Our systems have detected that you are using a computer with an IP address located in the USA. If you are currently not located in the USA, please click “Continue” in order to access our Website.
Local restrictions - provision of cross-border services
Swissquote Ltd is authorised and regulated in the UK by the Financial Conduct Authority (FCA). Swissquote Ltd is not authorised by any US authority (such as the CFTC or SEC) neither is it authorised to disseminate offering and solicitation materials for offshore sales of securities and investment services, to make financial promotion or conduct investment or banking activity in the USA whatsoever.
This website may however contain information about services and products that may be considered by US authorities as an invitation or inducement to engage in investment activity having an effect in the USA.
By clicking “Continue”, you confirm that you have read and understood this legal information and that you access the website on your own initiative and without any solicitation from Swissquote Ltd.
If cookies are currently disabled on your computer, you will be required to continue accepting this legal information for every new page visited on this website. In order to avoid this, please enable cookies on your computer.
Some profit-taking. BoE to announce more asset purchases
Some profit-taking. BoE to announce more asset purchases
Investors hesitate between taking profit and letting the market slip on second-wave fears and carrying the actual rally higher on reassurance that the Federal Reserve (Fed) and other central banks would mobilize more measures to support asset prices. And it seems as today is the profit-takers’ turn to move the markets.
US equity futures are down in Asia after a mixed US session, where the S&P500 (-0.36%) and the Dow (-0.36%) closed in negative as Nasdaq (+0.15%) secured timid gains.
On a side note, we believe that the latest revelations about Donald Trump asking Xi to help him re-win the November election by buying massive quantities of farm products wasn’t a shocker and should have little-to-no impact on market direction, as Trump’s intention in striking the phase-one deal was already clear to investors.
If there is one serious threat to Trump’s victory this year, it is the pandemic that has ravaged the economy as never before and China could do only little to help him get through with it.
Stocks in Asia lacked a clear direction, as unemployment in Australia rose more-than-expected to 7.1% in May, and the New Zealand GDP growth fell 1.6% in the first quarter, versus -1.0% penciled in by analysts and +0.5% printed a quarter earlier.
Activity in FTSE futures (-0.90%) hint at further consolidation after the British blue-chip stocks failed to extend early session gains on Wednesday and closed near flat. Banks and energy stocks which led the morning rally turned negative into the closing bell. News that the UK is planning a ‘shock and awe’ campaign to prepare businesses for Brexit reminds investors that the divorce will happen by the end of this year, come hell or high water. In this respect, especially small and medium sized British companies already battered by the Covid-19 pandemic, may suffer additional economic consequences. This means there is some extra spending for the UK government on the horizon, and the Bank of England (BoE) should throw its pinch of salt to maintain the favourable conditions to support the financial markets.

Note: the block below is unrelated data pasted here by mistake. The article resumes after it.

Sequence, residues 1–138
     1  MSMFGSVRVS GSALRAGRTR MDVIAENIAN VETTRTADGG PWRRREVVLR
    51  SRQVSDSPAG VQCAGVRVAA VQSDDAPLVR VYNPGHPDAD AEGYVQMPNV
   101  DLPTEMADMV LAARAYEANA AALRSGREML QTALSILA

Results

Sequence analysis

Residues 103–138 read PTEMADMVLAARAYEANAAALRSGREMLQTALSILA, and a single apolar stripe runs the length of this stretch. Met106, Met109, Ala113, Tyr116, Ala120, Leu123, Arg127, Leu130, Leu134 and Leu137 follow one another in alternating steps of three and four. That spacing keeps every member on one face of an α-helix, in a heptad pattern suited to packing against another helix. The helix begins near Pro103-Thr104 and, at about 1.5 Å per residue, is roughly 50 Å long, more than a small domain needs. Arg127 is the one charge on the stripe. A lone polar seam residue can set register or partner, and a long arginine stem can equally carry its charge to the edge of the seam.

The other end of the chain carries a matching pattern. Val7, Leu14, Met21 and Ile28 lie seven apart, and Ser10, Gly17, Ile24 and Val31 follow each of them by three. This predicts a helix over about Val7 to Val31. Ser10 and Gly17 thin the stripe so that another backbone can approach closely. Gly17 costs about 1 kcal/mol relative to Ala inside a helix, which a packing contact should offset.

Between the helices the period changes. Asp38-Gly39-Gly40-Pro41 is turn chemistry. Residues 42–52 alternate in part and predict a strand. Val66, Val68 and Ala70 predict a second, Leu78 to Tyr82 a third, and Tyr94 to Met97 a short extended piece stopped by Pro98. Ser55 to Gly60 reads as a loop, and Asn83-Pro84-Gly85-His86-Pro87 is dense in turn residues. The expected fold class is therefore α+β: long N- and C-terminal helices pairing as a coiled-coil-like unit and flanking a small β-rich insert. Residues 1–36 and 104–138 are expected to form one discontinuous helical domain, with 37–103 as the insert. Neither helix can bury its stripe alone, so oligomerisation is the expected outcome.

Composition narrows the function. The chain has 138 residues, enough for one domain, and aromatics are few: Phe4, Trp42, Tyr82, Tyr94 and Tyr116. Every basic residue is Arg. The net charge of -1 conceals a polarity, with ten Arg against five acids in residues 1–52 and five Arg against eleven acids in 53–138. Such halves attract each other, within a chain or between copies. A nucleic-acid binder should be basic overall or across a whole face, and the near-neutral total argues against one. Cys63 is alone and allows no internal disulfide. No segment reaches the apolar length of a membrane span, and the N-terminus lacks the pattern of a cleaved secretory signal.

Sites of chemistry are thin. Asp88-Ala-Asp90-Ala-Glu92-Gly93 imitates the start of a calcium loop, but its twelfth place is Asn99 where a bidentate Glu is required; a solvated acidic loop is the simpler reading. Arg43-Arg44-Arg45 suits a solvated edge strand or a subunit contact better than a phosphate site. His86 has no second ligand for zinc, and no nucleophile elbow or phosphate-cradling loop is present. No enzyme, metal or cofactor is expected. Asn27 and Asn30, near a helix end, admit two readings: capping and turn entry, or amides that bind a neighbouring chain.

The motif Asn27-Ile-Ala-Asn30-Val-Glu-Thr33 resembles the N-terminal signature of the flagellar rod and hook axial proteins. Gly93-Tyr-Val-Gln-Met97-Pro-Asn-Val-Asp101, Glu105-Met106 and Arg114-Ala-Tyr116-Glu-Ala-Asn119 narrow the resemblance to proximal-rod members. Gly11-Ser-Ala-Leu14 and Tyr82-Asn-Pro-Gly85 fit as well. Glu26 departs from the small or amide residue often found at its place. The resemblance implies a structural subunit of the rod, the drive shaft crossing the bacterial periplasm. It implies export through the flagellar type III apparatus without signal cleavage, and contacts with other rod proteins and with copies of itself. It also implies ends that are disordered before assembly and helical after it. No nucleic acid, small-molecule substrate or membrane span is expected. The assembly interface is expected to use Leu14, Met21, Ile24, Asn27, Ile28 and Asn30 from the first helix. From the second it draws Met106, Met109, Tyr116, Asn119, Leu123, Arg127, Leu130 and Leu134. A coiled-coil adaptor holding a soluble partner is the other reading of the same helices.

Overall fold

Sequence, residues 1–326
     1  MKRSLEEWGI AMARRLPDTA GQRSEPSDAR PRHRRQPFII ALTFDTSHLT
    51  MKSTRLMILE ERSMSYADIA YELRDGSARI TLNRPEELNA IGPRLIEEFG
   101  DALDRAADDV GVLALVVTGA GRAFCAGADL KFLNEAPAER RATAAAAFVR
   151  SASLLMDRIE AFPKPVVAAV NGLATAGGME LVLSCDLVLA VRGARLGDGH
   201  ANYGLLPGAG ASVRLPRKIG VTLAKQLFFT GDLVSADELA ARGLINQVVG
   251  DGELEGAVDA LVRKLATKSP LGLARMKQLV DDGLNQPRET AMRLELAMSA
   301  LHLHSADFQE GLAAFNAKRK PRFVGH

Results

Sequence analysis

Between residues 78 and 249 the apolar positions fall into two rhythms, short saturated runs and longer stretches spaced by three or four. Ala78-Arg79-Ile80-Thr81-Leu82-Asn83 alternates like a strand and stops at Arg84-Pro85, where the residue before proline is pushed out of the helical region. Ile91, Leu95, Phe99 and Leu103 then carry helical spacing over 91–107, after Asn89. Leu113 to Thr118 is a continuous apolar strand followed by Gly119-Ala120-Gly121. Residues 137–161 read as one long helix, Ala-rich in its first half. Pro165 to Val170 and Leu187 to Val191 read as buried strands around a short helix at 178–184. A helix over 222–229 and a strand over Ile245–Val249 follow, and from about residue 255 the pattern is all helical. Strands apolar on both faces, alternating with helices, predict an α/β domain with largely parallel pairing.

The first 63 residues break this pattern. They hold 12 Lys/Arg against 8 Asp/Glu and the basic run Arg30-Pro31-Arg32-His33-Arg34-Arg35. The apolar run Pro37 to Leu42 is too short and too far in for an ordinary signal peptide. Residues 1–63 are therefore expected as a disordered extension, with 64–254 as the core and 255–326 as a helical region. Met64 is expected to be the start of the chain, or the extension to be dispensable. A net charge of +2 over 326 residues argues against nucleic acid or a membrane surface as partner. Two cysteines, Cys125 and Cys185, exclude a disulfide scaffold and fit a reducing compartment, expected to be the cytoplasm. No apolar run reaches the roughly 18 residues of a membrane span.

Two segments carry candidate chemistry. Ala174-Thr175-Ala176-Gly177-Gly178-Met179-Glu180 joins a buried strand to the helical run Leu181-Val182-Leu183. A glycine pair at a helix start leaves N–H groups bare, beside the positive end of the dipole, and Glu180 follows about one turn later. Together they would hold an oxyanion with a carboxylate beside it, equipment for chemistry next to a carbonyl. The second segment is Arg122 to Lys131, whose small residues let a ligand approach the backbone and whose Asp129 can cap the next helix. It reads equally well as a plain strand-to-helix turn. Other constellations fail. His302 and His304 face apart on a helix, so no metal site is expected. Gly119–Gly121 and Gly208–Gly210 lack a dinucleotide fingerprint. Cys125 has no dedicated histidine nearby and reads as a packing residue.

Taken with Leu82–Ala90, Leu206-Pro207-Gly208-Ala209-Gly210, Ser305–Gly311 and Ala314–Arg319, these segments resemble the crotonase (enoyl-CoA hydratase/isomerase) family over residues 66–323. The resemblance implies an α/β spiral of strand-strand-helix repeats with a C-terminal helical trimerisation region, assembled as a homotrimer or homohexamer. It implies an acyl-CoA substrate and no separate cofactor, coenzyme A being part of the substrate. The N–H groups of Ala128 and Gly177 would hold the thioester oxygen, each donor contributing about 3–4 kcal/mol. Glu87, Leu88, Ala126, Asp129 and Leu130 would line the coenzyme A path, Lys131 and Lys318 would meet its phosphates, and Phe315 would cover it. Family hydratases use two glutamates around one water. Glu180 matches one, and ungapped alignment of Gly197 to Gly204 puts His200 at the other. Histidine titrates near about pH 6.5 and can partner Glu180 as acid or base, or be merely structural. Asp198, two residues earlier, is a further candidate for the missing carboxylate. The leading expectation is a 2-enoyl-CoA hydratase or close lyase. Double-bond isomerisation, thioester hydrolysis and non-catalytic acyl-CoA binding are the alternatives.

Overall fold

In the respect, the Bank of England (BoE) is expected to maintain the benchmark rate unchanged at the historical low of 0.10% and to expand its asset purchases program by at least 100/150-billion pound at today’s monetary policy meeting. With plummeting inflation, rising unemployment and lingering risks of a no-deal Brexit, the bank has room and solid reasons to move towards a more unorthodox policy. While the BoE’s near zero rates and massive asset purchases should push the consumer prices higher in the long run, the inflation will probably not be a cause for concern in the foreseeable future.
Given the expectation of QE expansion is fully priced in, the BoE announcement per se may not move the market significantly unless we see a meaningfully different outcome from the BoE meeting or a hint for more policy easing in the foreseeable future.
Cable is flat near the 1.2550 mark, supported by a mostly flat US dollar across the board. A supportive BoE stance will certainly be perceived as a smoother post-Covid and post-Brexit recovery and have a reassuring effect that could keep sterling above the 1.25 mark against the US dollar.
The EURUSD rebounded after testing the 1.12 support for the second time since last week. The euro owes its present strength to a weaker US dollar. Therefore, any rise in USD appetite could pull the pair toward the critical 1.1160 support, the Fibonacci 38.2% retracement which should distinguish between the actual positive trend and a mid-term bearish reversal. Decent offers are eyed near 1.13.
WTI crude trades in a tight range near $38 per barrel. The EIA data confirmed a 1.2-billion-barrel rise in US oil inventories last week. Meanwhile, OPEC left its 2020 demand forecast unchanged at -9.1-million-barrel per day, with 17.3% plunge expected in the second quarter, indicating that the number states find the actual low production regime sufficient to maintain prices. But prospects that a second-wave contamination could further hit the global oil demand should cap the upside near $40 per barrel.
Elsewhere, the Swiss National Bank (SNB) is expected to maintain the status quo and pursue its softer franc ambition via direct interventions in the FX markets.
Gold trades within the $1715/1735 range.